Today SASH works with seniors like Everet, providing a variety of services to assist with a home sale. SASH can purchase a senior’s home as-is in a custom-designed sale, along with packing and moving services and completely cleaning out the home in a private manner. If a senior prefers, SASH Realty can list the home on the open market with agents that specialize in the unique needs of older persons. Senior-specific coaching services are a nationwide resource to families in need of advice on the senior home-sale process. Since its inception in August 2005, SASH has purchased a large number of homes in the greater Puget Sound area of Washington state, including new construction, condominiums,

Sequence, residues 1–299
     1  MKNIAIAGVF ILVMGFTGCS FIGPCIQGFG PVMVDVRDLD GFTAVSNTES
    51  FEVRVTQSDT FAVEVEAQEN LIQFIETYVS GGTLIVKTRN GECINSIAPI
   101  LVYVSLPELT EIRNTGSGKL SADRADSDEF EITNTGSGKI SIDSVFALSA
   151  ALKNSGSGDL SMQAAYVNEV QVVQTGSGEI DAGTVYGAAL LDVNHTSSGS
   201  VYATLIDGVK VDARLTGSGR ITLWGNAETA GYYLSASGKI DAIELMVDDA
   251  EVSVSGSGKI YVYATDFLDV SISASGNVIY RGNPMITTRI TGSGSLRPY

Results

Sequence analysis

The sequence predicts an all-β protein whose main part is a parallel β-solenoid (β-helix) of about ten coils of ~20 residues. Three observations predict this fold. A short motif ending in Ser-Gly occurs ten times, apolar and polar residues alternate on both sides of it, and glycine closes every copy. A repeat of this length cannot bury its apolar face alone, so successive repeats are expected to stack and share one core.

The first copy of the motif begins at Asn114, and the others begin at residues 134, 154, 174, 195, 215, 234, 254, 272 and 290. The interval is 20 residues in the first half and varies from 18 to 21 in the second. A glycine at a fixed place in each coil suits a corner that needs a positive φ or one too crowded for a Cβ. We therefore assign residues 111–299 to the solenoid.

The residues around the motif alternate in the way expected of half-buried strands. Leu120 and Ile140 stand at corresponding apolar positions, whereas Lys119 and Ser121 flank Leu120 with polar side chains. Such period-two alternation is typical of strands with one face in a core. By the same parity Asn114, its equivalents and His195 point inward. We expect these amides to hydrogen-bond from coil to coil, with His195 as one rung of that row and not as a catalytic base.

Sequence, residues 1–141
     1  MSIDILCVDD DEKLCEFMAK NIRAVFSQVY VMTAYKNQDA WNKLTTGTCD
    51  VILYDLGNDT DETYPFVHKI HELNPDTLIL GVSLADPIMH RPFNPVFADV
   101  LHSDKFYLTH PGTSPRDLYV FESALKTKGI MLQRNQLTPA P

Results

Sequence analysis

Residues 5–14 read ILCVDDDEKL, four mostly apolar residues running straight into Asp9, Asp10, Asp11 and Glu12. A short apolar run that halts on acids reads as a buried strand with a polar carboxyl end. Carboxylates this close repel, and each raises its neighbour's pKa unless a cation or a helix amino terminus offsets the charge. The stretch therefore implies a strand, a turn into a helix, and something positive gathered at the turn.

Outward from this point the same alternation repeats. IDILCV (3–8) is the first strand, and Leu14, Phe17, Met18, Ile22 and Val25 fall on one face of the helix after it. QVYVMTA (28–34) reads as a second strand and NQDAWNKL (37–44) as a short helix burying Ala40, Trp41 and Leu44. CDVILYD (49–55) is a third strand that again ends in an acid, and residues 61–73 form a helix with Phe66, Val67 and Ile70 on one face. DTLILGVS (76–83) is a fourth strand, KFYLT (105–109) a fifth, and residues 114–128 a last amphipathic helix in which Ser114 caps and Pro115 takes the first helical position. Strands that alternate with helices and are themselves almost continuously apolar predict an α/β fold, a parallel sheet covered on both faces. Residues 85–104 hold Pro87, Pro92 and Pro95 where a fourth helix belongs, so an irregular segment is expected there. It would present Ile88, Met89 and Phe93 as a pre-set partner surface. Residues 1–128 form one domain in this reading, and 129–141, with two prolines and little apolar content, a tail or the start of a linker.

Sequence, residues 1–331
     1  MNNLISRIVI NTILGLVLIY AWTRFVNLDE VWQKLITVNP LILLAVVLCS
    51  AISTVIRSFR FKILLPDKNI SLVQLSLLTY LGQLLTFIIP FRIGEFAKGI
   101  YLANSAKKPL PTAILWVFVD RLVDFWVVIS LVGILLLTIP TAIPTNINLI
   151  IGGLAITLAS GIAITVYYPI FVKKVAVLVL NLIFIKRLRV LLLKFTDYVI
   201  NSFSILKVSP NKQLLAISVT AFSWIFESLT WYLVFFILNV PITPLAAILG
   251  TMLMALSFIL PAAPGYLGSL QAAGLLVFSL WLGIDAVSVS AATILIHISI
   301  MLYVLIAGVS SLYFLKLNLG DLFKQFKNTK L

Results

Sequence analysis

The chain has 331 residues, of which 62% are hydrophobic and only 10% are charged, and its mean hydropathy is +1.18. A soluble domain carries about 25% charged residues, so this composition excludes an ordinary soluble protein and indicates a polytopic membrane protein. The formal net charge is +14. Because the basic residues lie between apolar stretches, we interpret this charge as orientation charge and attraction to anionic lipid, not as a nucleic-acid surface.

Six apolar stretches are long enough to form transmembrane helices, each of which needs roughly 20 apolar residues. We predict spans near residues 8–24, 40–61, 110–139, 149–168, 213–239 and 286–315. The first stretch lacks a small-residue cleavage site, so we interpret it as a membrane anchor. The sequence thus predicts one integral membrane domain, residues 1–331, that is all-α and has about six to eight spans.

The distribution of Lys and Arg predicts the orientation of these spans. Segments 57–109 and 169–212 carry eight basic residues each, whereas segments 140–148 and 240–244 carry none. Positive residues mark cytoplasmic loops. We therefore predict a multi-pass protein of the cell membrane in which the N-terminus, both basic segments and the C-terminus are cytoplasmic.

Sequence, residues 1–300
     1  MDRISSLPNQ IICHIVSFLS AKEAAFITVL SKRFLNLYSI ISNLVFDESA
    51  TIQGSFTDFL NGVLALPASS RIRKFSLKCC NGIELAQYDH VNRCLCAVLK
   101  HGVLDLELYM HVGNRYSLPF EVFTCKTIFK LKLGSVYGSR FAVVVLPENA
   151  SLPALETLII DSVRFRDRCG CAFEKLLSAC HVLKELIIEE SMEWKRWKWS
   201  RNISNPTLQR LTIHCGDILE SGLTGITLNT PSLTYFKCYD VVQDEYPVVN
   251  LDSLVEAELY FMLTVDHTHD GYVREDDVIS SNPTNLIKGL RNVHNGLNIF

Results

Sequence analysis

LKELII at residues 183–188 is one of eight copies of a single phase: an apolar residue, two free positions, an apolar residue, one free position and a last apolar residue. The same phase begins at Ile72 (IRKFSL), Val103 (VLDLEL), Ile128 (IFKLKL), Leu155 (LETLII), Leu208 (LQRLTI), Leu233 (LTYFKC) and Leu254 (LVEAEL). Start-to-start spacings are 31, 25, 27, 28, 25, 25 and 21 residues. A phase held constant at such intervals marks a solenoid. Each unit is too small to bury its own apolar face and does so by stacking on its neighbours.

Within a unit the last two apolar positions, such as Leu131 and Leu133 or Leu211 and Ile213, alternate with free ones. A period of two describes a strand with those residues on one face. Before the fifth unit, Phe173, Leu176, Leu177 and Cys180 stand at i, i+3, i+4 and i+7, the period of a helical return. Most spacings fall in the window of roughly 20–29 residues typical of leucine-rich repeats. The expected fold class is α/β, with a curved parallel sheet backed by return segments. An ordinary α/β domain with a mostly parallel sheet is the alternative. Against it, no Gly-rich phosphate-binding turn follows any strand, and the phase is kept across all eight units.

design, wellness & lifestyle

SASH—Sell a Senior’s Home—was founded by Rebecca Bomann, a professional real estate investor with a background in social work, after helping her grandfather sell his home. At age 81, Everet was living alone in a two-story house, an hour away from the closest family member. It became necessary for the home to be sold so he could live closer to family and receive care. The home sale process was very difficult for Everet, dragging on through health challenges of his and drops in the listing price of the house. He found it hard to keep the home “show ready,” and there were frequent intrusions on his privacy. huge six-bedroom estates and tiny one-bedroom homes. The shortest closing period was 10 days and the longest 14 months, with every transaction timeline based entirely on the senior’s specific moving plans. Seniors and their families have found that SASH can assist them “from start to sold”! LEAH GROUT For more information: 206.501.4375


Complimentary Design Services 25 3 . 9 2 2 . 5 7 0 0 | 80 0 .8 7 0 .7 8 8 0 | 18 0 2 62nd Avenue E. | Tacoma, WA 98424 | w ww.s el d ens .c om

Profile for ShowCase Media

Showcase Magazine Winter 2012  

Showcase Magazine Winter 2012

Showcase Magazine Winter 2012  

Showcase Magazine Winter 2012